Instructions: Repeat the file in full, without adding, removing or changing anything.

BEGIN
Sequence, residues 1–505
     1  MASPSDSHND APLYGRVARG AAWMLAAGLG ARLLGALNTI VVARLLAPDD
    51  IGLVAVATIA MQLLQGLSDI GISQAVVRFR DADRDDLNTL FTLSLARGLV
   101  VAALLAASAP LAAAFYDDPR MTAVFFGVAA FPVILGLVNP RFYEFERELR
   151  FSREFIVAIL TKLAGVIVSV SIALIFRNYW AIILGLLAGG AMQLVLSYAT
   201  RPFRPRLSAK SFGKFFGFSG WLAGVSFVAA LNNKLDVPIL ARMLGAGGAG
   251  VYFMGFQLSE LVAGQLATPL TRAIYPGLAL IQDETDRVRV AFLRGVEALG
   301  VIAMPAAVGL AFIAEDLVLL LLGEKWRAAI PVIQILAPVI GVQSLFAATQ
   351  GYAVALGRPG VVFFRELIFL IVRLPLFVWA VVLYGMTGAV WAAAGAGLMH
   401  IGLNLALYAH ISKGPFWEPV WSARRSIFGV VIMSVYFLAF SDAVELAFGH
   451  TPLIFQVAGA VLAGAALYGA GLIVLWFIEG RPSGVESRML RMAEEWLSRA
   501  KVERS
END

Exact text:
Sequence, residues 1–505
     1  MASPSDSHND APLYGRVARG AAWMLAAGLG ARLLGALNTI VVARLLAPDD
    51  IGLVAVATIA MQLLQGLSDI GISQAVVRFR DADRDDLNTL FTLSLARGLV
   101  VAALLAASAP LAAAFYDDPR MTAVFFGVAA FPVILGLVNP RFYEFERELR
   151  FSREFIVAIL TKLAGVIVSV SIALIFRNYW AIILGLLAGG AMQLVLSYAT
   201  RPFRPRLSAK SFGKFFGFSG WLAGVSFVAA LNNKLDVPIL ARMLGAGGAG
   251  VYFMGFQLSE LVAGQLATPL TRAIYPGLAL IQDETDRVRV AFLRGVEALG
   301  VIAMPAAVGL AFIAEDLVLL LLGEKWRAAI PVIQILAPVI GVQSLFAATQ
   351  GYAVALGRPG VVFFRELIFL IVRLPLFVWA VVLYGMTGAV WAAAGAGLMH
   401  IGLNLALYAH ISKGPFWEPV WSARRSIFGV VIMSVYFLAF SDAVELAFGH
   451  TPLIFQVAGA VLAGAALYGA GLIVLWFIEG RPSGVESRML RMAEEWLSRA
   501  KVERS